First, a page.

As Mediterranean drownings continue, European Human Rights Commissioner condemns EU refugee policy

A report published this week by the European Human Rights Commissioner confirms the criminal and murderous character of the European Union’s refugee policy, which consists in deliberately allowing refugees to drown in the Mediterranean Sea as a means of blocking them from claiming asylum on the continent.

The report comes as the incidence of mass drownings between Africa and Europe has continued unabated in the opening months of 2021. The events reported in the media include:

  •  Last week, on March 9, the Tunisian defence ministry announced that at least 39 people drowned when two boats travelling to Europe capsized. The death count was based only on the number of bodies that rescuers retrieved before they were forced to suspend rescue operations. The dead included at least nine women and four children. Another 165 people were rescued.

  •  Three weeks earlier, on February 24, 41 people drowned in the central Mediterranean, according to a joint statement by the UN and International Organization of Migration. At least 120 people had left Libya on a small dinghy on February 18, which began to take on water after 15 hours at sea. The missing, presumed dead, included three children and four women, one of whom leaves behind a newborn child that has since been taken to Lampedusa, Italy.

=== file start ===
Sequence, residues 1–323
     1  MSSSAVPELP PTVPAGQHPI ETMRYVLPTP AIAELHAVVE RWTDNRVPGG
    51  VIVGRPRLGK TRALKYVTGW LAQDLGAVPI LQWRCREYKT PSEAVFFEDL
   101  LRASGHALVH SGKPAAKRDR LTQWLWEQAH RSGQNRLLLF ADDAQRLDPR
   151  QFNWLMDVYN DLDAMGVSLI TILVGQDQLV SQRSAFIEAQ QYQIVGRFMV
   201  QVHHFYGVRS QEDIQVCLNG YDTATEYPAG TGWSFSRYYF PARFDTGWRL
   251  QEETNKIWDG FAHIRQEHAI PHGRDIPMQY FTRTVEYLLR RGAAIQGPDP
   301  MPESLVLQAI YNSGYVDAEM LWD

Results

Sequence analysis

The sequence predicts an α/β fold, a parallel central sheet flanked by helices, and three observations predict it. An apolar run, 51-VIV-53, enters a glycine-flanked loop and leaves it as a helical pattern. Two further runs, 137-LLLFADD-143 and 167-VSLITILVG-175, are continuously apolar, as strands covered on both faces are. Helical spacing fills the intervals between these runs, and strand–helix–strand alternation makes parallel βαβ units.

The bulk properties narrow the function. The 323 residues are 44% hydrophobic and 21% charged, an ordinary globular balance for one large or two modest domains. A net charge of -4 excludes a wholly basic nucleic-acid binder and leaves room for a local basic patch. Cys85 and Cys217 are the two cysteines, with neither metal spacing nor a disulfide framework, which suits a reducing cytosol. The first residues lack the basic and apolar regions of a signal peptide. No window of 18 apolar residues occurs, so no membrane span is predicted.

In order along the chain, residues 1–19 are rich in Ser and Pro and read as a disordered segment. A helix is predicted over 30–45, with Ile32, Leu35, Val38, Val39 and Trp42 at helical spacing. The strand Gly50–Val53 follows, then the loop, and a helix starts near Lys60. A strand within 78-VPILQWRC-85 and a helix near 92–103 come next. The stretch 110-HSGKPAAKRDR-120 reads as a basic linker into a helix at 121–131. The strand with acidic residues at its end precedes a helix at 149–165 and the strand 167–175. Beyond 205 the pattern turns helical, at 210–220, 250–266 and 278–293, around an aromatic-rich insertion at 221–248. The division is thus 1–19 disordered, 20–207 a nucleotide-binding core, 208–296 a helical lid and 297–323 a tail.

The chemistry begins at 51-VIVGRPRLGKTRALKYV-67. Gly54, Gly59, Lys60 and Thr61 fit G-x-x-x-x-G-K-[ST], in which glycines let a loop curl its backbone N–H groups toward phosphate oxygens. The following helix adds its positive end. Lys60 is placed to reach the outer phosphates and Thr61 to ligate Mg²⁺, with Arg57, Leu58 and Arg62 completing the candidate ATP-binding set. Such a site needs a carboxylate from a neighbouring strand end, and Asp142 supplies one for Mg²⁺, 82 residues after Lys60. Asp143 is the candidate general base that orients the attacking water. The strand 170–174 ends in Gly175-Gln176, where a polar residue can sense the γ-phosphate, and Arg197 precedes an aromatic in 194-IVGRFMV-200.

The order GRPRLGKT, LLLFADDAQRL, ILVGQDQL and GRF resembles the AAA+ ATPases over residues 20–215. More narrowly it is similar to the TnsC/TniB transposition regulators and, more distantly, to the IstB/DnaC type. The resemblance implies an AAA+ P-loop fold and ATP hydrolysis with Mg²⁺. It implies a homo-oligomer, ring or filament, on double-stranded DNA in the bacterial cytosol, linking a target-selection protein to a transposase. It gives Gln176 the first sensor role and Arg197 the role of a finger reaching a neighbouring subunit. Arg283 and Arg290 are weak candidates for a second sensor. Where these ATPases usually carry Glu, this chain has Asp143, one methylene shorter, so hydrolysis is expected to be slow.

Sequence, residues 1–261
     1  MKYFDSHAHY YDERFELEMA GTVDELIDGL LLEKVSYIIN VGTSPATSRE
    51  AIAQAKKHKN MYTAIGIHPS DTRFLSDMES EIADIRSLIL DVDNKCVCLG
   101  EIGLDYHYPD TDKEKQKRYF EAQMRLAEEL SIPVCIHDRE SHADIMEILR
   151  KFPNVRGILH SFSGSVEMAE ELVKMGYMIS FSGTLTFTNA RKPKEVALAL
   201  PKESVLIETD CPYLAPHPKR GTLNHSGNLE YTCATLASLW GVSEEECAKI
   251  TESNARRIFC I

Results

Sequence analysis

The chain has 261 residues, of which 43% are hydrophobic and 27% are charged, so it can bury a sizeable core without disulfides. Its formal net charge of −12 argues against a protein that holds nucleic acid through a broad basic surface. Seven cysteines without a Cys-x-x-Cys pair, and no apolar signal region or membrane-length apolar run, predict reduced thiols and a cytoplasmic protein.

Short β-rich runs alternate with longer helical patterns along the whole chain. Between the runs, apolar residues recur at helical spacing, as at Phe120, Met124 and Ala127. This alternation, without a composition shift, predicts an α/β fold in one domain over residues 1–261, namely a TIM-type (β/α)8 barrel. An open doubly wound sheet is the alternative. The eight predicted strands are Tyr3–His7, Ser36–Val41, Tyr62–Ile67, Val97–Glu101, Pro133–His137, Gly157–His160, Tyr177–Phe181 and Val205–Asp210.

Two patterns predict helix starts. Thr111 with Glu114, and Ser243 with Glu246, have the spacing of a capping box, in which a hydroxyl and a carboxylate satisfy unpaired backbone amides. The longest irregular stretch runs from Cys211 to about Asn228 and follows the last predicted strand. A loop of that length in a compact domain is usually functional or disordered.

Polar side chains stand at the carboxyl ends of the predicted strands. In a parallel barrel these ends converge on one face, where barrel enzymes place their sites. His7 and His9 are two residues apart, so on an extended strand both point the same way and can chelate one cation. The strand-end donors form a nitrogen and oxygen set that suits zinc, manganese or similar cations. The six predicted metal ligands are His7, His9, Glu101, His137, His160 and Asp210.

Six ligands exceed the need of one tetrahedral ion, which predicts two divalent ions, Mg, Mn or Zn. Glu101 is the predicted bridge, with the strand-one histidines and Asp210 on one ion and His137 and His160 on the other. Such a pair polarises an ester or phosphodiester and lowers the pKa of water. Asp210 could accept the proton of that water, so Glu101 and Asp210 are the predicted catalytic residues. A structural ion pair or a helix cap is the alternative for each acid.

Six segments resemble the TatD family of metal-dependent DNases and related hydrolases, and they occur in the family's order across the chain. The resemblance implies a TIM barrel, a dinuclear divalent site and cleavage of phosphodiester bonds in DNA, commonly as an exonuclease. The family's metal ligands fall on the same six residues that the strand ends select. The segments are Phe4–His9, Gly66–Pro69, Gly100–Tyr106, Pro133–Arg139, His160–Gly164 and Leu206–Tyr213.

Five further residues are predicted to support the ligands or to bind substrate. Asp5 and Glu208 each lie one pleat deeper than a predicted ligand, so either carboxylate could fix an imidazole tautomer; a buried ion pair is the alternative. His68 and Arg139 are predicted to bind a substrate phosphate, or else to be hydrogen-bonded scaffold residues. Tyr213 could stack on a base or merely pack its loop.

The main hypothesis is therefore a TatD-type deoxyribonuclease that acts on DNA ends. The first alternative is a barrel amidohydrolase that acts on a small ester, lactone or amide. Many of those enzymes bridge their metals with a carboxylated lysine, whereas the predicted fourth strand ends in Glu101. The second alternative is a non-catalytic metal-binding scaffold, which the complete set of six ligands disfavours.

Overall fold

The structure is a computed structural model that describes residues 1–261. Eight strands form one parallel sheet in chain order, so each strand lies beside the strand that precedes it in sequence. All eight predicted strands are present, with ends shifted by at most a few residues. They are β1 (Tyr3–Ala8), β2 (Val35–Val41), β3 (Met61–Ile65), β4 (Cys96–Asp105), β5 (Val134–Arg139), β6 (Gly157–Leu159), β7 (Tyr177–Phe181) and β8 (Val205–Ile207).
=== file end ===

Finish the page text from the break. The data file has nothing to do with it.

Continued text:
• On February 12, the Tunisian navy confirmed that it had rescued 25 people from a small capsized boat that had set off from the Tunisian port of Sfax that day. All of the passengers were thrown into the water when the boat sank. The survivors reported that 48 people had been aboard when the boat departed. Of the 23 missing, only one body was recovered.

  • On January 19, a dinghy carrying more than 50 people capsized after leaving the Libyan port city of Zawiyah, in the west of Tripoli. At least 43 people drowned. The survivors said that everyone on the boat had come from West Africa. The survivors were then transported back to detention camps in Libya.

The Missing Migrants Project, which tracks refugee deaths internationally, has counted 291 deaths since the beginning of this year in the Mediterranean alone. The count of the people who drowned in the Mediterranean since 2014 is more than 20,000. But these horrific totals are themselves no doubt significant underestimates, as they do not include those who drowned without their journey being reported or their bodies ever being recovered.

A woman holds a 3 month old baby as migrants and refugees from different African nationalities wait for assistance on an overcrowded rubber boat, as aid workers of the Spanish NGO Open Arms approach themv. (AP Photo/Bruno Thevenin)